Saturday, February 27, 2016

More about Mei

Last week we got to share with you a little bit about how God brought Mei into our hearts.  This week I'm so excited share more about her.

 At 8 years old, Mei is among the older children in her section of the orphanage (those eligible for adoption).  She helps out with the younger children, and enjoys organizing them for games.
And there's a glimpse of tiny Titus in the white!

The nannies describe her as very sweet and sensible; cheerful and open with her caregivers.  
She attends tutoring in the orphanage and is happiest when she is in class with her friends.

She enjoys singing, performing, and memorizing and reciting poetry.  Enjoy this sweet video from several years ago!  (bonus glimpse of Titus in the background at 5-7 seconds :D )
Oh, how I wish I could scoop her up and hug that tiny little girl!

As with most cases in international adoption, her special needs are not fully diagnosed or explained in her paperwork, and may take us a while to evaluate once she is home.  We suspect one of two specific conditions, which can both manifest in some of the physical characteristics she has, but are caused by very different genetic conditions with very different outcomes.  Or, as it seems to be the case with Titus, they may simply be physical differences without affecting her overall health.  Please begin praying for her, and for us, even now as we start planning and preparing.

She is very aware about adoption.  At least every month it seems there are children adopted out of her orphanage and she has seen many of them come through to tour with their new families.  Her caretakers say she is longing for the day that her mother and father will come for her.  We are too, sweet girl!

Next up: Our fundraising plans and progress to bring her home!

Friday, February 19, 2016

Journey to Mei

An ancient chinese belief states that "an invisible red thread connects those who are destined to meet, regardless of time, place, or circumstance.  It may stretch or tangle, but it will never break."

We announced a couple of weeks ago on Facebook the wonderful news that our family is growing again!  God has had this addition in the works for a while and now we'd like to share with you some of the details of this stretched, tangled, and beautiful story!

When we first started to pursue Titus we had truly only intended on one adoption because we had always imagined we'd have four kids.  We were just fine when we found out that our agency had a general policy against adopting two children at once, although it is a common decision amongst adoptive families with other agencies.  We had seen two or three pictures of Titus before making the decision to adopt him, but once we moved forward we were given his full "file", including medical information, social descriptions, and a handfull of photos.  This one was among those first pictures we saw of him.

Aren't they so cute?!  It is no secret that our famiy has developed a love for children with craniofacial differences.  I immediately started praying for her and for a family to choose her.  I supposed they had as close a relationship as my kids do with their siblings. 

She continued to show up in pictures we found or received of Titus.

Titus' Third Birthday

Last winter another mama who has adopted from their orphanage posted this picture and asked if anyone knew whether this little girl had a file and how we could join together to advocate for her.  (That mama's little girl is on the right, Titus is in the middle.)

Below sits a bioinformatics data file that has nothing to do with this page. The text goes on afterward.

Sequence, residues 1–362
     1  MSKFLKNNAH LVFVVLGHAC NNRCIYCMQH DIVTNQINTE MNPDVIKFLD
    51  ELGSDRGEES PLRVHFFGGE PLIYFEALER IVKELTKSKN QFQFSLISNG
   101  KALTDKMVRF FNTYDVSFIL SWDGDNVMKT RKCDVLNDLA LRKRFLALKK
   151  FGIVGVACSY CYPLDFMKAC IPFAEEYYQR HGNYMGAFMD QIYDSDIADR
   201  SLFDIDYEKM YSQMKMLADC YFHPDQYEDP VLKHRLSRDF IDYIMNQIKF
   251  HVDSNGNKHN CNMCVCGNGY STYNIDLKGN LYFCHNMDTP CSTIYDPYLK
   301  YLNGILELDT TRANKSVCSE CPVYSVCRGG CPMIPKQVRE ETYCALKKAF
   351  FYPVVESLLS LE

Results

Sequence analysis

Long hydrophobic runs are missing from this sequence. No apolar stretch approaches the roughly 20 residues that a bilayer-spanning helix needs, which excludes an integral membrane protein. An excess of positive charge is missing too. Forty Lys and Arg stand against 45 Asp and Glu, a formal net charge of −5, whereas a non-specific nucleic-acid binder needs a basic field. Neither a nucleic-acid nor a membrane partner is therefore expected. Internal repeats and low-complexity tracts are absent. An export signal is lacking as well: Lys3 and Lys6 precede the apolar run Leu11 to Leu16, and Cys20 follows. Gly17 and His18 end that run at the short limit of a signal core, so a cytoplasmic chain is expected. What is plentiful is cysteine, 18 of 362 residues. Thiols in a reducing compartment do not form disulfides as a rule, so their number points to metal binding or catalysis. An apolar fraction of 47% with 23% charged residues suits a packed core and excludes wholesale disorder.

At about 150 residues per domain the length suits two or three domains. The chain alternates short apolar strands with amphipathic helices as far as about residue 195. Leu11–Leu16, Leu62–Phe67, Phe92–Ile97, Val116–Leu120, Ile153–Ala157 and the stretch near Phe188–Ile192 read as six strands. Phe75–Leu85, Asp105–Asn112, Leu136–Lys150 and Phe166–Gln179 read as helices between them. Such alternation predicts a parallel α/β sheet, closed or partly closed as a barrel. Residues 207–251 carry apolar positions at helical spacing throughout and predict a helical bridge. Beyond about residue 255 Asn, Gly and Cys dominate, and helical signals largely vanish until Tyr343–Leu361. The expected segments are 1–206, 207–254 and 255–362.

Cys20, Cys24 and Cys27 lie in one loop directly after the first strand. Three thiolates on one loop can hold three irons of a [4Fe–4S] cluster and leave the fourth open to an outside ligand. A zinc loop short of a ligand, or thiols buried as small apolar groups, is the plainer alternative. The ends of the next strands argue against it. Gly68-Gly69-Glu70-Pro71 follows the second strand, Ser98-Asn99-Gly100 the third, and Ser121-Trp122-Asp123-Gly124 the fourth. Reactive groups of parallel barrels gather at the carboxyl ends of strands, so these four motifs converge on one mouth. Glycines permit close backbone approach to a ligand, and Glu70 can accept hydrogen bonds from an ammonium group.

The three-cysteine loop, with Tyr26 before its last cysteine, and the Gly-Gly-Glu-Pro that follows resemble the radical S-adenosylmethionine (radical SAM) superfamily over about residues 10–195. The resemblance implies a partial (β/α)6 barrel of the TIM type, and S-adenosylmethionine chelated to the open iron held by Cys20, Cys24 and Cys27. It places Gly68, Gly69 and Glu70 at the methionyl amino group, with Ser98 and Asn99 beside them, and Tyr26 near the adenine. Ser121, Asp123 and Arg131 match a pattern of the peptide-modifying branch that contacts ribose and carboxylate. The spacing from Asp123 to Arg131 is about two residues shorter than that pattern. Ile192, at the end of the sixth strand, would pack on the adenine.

Since I had worked hard to find Titus' file when we were ready to pursue him, I volunteered to try tracking down her file.  It was easier than I could have imagined, as the day after I emailed the agency who partners with their orphanage, they were able to tell me that her file was on the "shared list", a list of children's files who had been available for a long time without a family's commitment.  Families adopting with any agency can choose a child on the shared list.  

I began helping to advocate for her in various adoption related facebook groups.  I talked with potential families and shared my research about various craniofacial differences and other thoughts that the group of families who had met her offered.  One family I spoke with was very interested in adopting her and I thought I might get the joy of carrying over a care package for her when we traveled.   They were close to commiting but didn't feel God's peace that she was theirs. "What about your family?"  she asked.  My list of why not's went something like this:
I'd love to, but...
(1). Our home study is only approved for one child.
(2). Our income doesn't meet the guidelines for us to adopt two.

God said, "Are you sure?"

So I looked a little deeper.  When our home study was written, Eric had a side job with the school where our church meets.  After the home study was complete they had changed his position, resulting in an increase in pay.  We met the guidelines for our family to adopt two.

I contacted our home study case worker who let me know that he would enthusiastically update our home study to reflect that we are approved to adopt two children.  

At this point we were waiting for our letter of acceptance from China.  We contaced our placing agency and requested to see her file.  Unfortunately they would not give it to us, since our home study was currently only approved for one.  They gave us a number of additional pieces of paperwork for us to fill out before they would discuss with us the option of adopting two children together.  The paperwork took many hours, and asked a lot of good questions about services available in our school district, our family's support system, how much flexibility we have in our daily lives, etc.  I won't say how ;)  but we did manage to get our hands on a basic version of her medical file and submitted it to our craniofacial team, who drew up an incredibly manageable plan for beginning treatment for both Titus and Mei together, scheduling various appointments and surgeries together to place less strain on our family's schedule.  The craiofacial team was very supportive of our desire to adopt them both, and eager to be part of their care.  

We gave all of the above information to our placing agency, confident that they couldn't say "no".  God had confirmed for us through all of the additional essays and paperwork that we indeed desired to be her parents and felt that we could meet her needs.  Meanwhile, we sent a care package to Titus through another family who was traveling and we received back this picture.